Trees and Wax

center in light snowThe parking lot lights at Crossroads at Big Creek are set to come on at 4:15 and on cloudy days, that isn’t even early enough. The hours of daylight have certainly decreased. Depressing! but not frightening. We know that after the winter solstice, the days will start getting longer. Knowledge of astronomy is useful.
Primitive people did not  know about axial tilt and the progression of seasons. Things would be going relatively well for them……food was plentiful and it was warm. But then, plants began to die, and temperatures dropped, and scariest of all, the days started to get shorter. It must have seemed to them that the world was coming to an end.
Because a few plants—evergreens, holly, and mistletoe—did not die in the fall, early Northern Europeans believed that these plants were magic with the power over darkness. Perhaps if they brought these magical plants into their caves and hovels, the Sun would come back.
So, at this time of year, the people cut trees and brought them inside and when they did—sure enough, slowly but surely, the days started to get longer and each year, the world eventually became green once more.
We still bring  evergreens  inside this time of year. Old habits are hard to break.

 Evergreens trees thrive throughout the world,  but the tree species we use for Christmas trees usually grow in places that have long, cold winter or that have poor soil…. like, for example,  Door County. 
But don’t you wonder why spruce, fir and pine trees don’t break under the weight of snow? They are tapered –Christmas tree shaped.    Perhaps  you have  noticed that the branches a Christmas tree tilt at about the same angle as a playground slide. When snow slips off the needles, it slides down like a kid at a playground.  Very heavy snow makes the branches dip, causing tiny avalanches.
 I’m  dating myself, I remember that in my youth, when we purchased a loaf of bread, the wrapper was made of waxed paper. After the bread was gone, my sisters and I would take the wrapper the park and sit on it as we slid down a slide. The wax from the bread wrapper would make the slide really slick.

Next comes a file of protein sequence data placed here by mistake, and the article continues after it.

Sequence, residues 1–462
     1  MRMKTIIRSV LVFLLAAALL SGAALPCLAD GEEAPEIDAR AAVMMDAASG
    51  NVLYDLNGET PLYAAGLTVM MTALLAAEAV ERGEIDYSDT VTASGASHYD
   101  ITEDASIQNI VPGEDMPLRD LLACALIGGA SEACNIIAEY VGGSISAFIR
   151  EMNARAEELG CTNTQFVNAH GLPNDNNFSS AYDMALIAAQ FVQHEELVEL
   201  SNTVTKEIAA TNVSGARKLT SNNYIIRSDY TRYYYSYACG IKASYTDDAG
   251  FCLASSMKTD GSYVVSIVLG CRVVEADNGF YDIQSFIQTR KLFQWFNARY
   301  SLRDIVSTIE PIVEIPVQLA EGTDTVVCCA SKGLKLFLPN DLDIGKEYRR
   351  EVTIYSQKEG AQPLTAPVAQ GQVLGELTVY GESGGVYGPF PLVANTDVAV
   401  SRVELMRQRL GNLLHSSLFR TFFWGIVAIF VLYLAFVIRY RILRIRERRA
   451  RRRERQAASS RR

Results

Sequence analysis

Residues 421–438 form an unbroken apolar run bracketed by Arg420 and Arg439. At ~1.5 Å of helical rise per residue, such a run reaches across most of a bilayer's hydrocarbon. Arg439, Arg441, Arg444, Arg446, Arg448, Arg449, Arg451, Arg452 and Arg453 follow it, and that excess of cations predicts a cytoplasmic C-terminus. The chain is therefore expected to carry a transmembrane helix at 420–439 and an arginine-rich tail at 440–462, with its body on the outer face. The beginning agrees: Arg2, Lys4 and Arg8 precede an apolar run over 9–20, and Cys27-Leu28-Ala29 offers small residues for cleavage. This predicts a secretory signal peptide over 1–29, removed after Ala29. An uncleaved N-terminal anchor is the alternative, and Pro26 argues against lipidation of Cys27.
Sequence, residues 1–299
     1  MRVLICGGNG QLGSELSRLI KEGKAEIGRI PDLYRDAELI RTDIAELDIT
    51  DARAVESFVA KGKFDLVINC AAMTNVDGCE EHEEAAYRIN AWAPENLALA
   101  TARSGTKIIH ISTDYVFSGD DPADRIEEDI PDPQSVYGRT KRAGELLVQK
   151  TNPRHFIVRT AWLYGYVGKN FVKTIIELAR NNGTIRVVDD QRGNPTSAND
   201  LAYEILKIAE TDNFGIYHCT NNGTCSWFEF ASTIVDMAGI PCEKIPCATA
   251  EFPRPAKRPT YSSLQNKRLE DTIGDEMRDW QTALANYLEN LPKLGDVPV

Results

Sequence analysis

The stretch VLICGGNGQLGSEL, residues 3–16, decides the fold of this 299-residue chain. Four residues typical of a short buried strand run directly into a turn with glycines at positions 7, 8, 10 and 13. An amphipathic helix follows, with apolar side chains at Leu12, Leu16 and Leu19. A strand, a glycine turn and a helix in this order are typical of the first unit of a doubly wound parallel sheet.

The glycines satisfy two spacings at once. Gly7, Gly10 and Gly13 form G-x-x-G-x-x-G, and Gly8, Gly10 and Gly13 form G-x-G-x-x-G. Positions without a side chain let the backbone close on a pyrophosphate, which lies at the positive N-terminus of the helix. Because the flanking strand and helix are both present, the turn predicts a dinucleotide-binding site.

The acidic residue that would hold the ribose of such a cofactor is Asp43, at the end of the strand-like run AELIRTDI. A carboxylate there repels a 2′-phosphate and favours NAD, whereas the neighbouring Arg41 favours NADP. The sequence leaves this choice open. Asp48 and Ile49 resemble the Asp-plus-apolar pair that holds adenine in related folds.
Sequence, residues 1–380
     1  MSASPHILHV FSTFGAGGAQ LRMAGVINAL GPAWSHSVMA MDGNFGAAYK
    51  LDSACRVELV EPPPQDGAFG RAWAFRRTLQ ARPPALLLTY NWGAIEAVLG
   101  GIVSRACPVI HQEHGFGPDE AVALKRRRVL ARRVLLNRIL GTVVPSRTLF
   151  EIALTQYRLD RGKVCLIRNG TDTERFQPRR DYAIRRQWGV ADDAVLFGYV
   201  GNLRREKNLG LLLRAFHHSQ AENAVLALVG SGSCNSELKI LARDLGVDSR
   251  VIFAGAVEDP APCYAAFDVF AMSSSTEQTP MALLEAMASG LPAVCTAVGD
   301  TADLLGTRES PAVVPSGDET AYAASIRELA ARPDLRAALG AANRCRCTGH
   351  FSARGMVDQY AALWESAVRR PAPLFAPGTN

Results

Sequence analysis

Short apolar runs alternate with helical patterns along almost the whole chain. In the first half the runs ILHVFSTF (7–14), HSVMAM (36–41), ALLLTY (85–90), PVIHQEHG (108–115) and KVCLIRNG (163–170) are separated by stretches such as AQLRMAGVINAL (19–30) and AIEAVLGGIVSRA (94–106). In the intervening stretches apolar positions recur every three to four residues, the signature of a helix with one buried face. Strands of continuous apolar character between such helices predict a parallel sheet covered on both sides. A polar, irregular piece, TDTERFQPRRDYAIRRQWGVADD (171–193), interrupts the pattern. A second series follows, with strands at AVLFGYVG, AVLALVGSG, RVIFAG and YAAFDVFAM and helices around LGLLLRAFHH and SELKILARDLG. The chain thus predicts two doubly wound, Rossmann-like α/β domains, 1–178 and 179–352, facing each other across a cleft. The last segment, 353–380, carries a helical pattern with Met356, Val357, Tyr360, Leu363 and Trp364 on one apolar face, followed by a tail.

It turns out evegreen needles have a waxy coatings which  keeps the needles from drying out. Dry needles are brown, but moist needles stay green. So in a way, pines, spruce and fir are green because their wax.  Besides that, waxy coating make evergreen needles really slick. Snow which lands on the needles often slips right off. Very  wet heavy snow makes the branches dip, causing tiny avalanches.

Using the proceeds from the Crossroads Trail Run, a grant from the Raibrook Foundation, and gifts from the estate of Ray Stonecipher and the Silent Sports Coalition, Crossroads is buying new waxless  for the SKI FOR FREE program, But skiers and snowboarders still use wax. The practice can be traced to the California Gold Rush when apparently, ski racing was a popular pastime. The miners learned that if they smeared vegetable or whale oil on their skis, they could ski faster.  But under some snow conditions, melting candle wax onto the the bottoms of skis worked even better than oil.  Over the years, special waxes — some to improve grip on the snow and others to improve glide–have been developed  so skis will slip through the snow much like snows slips off the needles of evergreens.  
On Saturday, December 5, from 9:00-11:00 the Silent Sports Coalition will hold a Wax Clinic at the Maintenance Building at Crossroads. All who want to learn more about waxing skis are invited to this educational program between 9:00 and 11:00 in the Maintenance Building at Crossroads.
The first Sunday of December, Crossroads will sponsor our traditional “Hike to the Evergreen Forest” , which is just a nature hike during which participants will learn to identify the native (and some introduced species) of evergreen trees at in our preserve. Then, at 2:00, in the Collins Learning Center, the free lecture: Know the Evergreens” will be offered in the lecture hall of the Collins Learning Center.
Once we have enough  snow to groom our trails, Crossroads will sponsor SKI FOR FREE. On Tuesday, December 8, a training session for SKI FOR FREE volunteers will be offered in the Collins Learning Center. Anyone who would like to volunteer for this activity should try to attend this training session.  
Saturday, December 5
9:00-11:00 Wax Clinic
Members of the Silent Sports Coalition will present a workshop on waxing skies. The program is free and open the public. Meet in the Maintenance Building at Crossroads.
Sunday, December 6
1:00 Hike to the Evergreen Forest
Join the naturalist for a nature hike during which participants will learn to identify the native (and some introduced species) of evergreen trees at in our preserve.Free and open to the public. Meet at the Collins Learning Center.
2:00 Lecture: Know the Evergreens
This free lecture will help participants learn to recognize the native (and a few introduced) species of the evergreens that grow in Door County. Lecture Hall of the Collins Learning Center.

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